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Cas City Forum Hall & CAS-L  |  Special Interests - Groups & Societies  |  STORM (Moderators: RRio, Major 2)  |  Topic: .44 Henry cartridge - Very under rated! 0 Members and 1 Guest are viewing this topic. « previous next »
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Author Topic: .44 Henry cartridge - Very under rated!  (Read 787 times)
Tuolumne Lawman
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« on: July 07, 2017, 02:00:25 pm »


If you look at the common 1871 pistol cartridges, the .44 Henry Flat is pretty spunky in comparison.  Of the pre-1873 cartridges that proliferated, it was the hottest:

.44 Henry:          200 grain       .442" bullet   28 grains powder
.44 American:     205 grain       .432" bullet   25 grains powder
.44 Russian:       246 grain       .430" bullet   23 grains powder
.44 Colt             210 grain       .454  Bullet    21 grains powder
.46 Rimfire*       227 grain      .456" bullet    20 grains powder

*also known as .46 French, or .46 short.  Used in 5 shot conversions of Remington New Model Army (1858) revolvers.

All of these rounds had reputations a good fight stoppers.  By comparison, the Army's .45 Scofield round (1875) had a 230 grain, .454" bullet, with 28-29 grains powder.  It barely bested the .44 Henry round.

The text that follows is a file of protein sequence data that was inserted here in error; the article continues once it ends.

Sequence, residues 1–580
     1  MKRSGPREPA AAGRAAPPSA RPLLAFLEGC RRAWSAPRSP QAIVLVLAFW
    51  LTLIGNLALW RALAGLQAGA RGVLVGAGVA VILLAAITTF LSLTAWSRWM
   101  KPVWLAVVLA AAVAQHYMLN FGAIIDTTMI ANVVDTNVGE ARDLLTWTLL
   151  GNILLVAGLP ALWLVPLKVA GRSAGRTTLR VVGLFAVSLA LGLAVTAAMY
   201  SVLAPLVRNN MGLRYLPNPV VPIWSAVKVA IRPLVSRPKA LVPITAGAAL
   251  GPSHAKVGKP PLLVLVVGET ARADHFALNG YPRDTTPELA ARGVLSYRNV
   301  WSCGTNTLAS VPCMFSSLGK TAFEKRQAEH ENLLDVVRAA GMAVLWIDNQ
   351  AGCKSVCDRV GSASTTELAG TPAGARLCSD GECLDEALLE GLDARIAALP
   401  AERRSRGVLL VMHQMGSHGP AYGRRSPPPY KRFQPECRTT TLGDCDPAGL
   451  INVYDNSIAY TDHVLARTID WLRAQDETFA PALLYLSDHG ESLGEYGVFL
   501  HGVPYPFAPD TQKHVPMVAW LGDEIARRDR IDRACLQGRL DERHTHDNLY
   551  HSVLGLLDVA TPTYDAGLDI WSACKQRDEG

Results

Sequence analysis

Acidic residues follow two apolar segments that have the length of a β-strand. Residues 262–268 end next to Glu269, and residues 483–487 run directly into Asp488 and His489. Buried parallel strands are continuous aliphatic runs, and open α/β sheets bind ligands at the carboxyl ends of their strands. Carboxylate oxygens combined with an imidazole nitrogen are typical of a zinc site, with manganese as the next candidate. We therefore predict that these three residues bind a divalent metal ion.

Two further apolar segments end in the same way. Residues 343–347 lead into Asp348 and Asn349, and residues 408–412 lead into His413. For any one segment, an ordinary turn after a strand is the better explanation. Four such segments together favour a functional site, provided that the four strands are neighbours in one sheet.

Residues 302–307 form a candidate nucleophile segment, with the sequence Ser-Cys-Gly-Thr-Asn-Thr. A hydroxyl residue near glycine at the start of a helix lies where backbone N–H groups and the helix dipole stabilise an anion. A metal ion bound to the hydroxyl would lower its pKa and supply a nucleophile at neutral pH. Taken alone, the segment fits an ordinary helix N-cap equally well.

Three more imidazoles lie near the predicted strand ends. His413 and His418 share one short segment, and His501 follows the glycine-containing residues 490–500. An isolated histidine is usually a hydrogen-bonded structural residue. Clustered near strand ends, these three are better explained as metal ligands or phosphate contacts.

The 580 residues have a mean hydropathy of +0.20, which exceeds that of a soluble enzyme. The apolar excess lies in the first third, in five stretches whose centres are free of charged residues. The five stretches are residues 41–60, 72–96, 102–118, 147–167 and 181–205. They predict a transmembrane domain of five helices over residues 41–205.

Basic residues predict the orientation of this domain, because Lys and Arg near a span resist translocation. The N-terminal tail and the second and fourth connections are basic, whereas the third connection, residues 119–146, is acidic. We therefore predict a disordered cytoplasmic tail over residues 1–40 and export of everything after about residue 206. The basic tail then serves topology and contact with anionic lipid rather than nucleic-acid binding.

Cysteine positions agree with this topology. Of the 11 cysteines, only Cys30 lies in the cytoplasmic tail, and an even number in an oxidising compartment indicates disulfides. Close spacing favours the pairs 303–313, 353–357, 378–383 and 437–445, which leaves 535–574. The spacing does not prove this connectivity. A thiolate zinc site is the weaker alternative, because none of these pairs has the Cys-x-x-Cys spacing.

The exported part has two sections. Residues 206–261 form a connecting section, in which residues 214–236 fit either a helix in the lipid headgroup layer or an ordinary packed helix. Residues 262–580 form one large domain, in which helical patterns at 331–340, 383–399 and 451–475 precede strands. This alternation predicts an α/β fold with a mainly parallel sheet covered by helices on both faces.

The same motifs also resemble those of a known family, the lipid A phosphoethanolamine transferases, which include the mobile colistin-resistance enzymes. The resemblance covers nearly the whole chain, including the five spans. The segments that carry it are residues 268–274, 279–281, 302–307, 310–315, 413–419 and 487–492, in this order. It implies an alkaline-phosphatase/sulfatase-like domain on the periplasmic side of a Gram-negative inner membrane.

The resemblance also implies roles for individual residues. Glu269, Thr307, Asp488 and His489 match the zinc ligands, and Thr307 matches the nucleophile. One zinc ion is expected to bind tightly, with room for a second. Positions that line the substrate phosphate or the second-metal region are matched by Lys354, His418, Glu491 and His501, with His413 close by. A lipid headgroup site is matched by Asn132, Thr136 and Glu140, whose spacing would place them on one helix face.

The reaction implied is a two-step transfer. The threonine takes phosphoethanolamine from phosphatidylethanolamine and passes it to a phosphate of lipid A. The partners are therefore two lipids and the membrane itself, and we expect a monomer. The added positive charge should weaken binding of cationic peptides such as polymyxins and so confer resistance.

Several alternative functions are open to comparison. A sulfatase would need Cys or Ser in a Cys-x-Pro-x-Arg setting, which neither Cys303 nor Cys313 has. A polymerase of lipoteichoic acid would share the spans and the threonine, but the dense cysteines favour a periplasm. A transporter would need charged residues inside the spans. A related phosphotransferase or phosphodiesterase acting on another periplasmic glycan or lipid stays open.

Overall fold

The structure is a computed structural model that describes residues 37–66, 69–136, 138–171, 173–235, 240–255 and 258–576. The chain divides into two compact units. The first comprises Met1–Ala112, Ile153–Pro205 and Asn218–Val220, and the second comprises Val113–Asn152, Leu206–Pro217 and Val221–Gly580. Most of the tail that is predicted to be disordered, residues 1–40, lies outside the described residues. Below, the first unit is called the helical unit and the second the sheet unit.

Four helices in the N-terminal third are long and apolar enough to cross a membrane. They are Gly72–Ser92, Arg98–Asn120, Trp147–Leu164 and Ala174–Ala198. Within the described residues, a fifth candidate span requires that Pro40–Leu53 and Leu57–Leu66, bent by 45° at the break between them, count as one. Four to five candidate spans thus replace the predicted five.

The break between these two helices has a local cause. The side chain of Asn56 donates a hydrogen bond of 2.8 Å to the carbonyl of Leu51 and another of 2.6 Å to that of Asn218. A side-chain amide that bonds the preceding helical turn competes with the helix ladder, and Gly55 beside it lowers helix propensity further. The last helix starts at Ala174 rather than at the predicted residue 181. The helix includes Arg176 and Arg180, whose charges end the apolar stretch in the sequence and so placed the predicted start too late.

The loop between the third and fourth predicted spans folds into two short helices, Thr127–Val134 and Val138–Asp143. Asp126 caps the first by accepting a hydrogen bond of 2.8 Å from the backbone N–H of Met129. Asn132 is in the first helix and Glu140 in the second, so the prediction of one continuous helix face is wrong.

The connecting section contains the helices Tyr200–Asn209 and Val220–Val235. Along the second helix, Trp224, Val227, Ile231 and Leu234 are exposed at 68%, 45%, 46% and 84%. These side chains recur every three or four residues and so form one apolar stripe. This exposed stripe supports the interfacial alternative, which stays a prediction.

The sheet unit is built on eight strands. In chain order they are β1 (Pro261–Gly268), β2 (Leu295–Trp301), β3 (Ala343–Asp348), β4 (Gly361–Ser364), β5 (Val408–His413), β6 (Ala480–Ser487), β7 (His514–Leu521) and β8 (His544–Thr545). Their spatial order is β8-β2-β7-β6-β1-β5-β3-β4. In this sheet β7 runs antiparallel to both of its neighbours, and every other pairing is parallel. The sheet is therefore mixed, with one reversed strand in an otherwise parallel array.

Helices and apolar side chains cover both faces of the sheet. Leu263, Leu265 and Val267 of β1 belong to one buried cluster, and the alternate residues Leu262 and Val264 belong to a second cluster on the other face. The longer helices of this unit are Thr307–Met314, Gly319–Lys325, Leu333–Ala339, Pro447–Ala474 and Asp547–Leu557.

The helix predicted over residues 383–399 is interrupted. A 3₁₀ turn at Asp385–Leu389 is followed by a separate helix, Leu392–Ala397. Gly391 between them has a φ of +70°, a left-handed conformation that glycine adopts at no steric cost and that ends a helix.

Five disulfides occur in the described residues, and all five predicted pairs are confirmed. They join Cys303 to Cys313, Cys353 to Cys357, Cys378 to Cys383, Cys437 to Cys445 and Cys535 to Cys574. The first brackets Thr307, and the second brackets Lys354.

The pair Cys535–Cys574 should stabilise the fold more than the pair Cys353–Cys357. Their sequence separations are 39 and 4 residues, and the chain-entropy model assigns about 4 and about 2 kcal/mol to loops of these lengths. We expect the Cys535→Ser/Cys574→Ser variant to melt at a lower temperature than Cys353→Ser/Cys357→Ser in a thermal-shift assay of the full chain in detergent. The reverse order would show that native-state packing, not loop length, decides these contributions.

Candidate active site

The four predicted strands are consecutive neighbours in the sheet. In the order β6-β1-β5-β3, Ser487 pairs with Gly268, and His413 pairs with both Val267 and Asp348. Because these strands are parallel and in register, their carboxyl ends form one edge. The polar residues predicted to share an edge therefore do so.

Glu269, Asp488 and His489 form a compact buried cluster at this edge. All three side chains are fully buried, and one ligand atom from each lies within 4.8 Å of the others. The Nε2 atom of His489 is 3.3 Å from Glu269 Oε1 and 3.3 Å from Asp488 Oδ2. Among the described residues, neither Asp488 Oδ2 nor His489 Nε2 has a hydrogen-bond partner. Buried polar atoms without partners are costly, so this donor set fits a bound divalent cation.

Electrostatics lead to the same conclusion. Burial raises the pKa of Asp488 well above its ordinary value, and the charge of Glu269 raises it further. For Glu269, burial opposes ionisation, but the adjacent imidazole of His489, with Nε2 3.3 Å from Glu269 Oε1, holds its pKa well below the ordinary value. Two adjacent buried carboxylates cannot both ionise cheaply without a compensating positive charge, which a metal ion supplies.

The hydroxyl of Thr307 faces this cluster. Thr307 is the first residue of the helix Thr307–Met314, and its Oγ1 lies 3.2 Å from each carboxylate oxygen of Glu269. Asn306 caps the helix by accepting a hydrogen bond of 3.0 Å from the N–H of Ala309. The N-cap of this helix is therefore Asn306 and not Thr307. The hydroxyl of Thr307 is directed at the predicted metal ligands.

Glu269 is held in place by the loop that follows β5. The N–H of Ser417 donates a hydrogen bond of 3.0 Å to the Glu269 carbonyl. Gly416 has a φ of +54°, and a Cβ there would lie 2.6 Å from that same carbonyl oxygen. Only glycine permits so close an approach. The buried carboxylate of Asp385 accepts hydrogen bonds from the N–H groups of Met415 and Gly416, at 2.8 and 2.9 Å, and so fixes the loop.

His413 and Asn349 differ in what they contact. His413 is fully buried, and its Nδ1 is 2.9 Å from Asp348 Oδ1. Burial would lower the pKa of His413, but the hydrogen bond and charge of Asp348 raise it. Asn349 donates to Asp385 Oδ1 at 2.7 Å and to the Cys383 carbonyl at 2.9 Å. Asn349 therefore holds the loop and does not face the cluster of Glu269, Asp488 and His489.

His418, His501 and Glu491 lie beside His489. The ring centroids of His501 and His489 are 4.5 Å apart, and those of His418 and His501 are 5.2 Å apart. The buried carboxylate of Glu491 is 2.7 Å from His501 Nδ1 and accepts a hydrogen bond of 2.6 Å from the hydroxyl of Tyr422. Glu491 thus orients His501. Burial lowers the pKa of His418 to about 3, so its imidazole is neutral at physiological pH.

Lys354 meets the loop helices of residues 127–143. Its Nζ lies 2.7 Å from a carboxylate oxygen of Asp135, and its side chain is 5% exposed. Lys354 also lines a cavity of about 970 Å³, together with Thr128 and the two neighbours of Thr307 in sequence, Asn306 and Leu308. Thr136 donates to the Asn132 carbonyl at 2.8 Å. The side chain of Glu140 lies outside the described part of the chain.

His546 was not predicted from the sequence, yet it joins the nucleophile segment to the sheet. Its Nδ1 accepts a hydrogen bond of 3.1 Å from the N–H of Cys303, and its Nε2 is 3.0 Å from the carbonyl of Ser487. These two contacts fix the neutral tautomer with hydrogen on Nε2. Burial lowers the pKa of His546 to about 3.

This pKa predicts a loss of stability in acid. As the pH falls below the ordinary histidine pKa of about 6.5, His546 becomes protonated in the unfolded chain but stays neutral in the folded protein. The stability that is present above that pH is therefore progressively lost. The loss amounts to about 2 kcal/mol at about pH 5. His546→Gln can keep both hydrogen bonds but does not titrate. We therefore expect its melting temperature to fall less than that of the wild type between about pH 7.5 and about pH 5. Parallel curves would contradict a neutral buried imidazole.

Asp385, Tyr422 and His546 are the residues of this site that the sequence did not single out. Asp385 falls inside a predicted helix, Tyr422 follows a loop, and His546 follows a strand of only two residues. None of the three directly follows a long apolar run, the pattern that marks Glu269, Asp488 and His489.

Posted in Henry board.
The .44 henry flat, with its 28 grains of BP and a 200 grain flat nose bullet, travels from the rifle at 1125 fps (confirmed by my 200 grain, 28 grain BP .45 Schofield .44 Henry Duplication load from my Uberti 1860 Henry). At the muzzle, it is around 575 ft lbs , which is better than the best 40 S&W and about 50-75 ft lbs shy of the standard 175 grain Winchester Silvertip 10mm round.  At 100 yards, the .44 henry flat is still traveling about 950-960 fps! This still gives about 425 ft lbs at 100 yards - equal to a good 200 grain .45 ACP loading at the muzzle.  No one disparages the 10mm or the .45 ACP!

Then we have the pistols: Smith and Wesson No.3 Americans and Colt 1871 Open Tops.  Revolvers give  around 800 - 900 fps (based on my 200 grain, 28 grain BP .45 Schofield Henry Duplication load from revolvers). That would give around 350 ft. lbs muzzle energy, the same as standard velocity 9mm or 45 ACP ball.  Not too shabby!

Considering the proliferation of the .44 rimfire in the West, it proved itself effective in combat and hunting (as long as you don't get too ambitious!) for 40 or 50 years! With around 200,000 firearms (1860 Henry, 1866 Winchesters, and assorted S&W and Colt  revolvers) produced, it certainly saw widespread usage.  Was it better than the .44 WCF? Certainly not.  It was, however, far more effective than we modern magnum and +P crazy shooters appreciate!
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TUOLUMNE LAWMAN
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« Reply #1 on: July 07, 2017, 02:41:15 pm »

Anyone know what was the difference between the .44 Stetson and .44 Henry?
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Pettifogger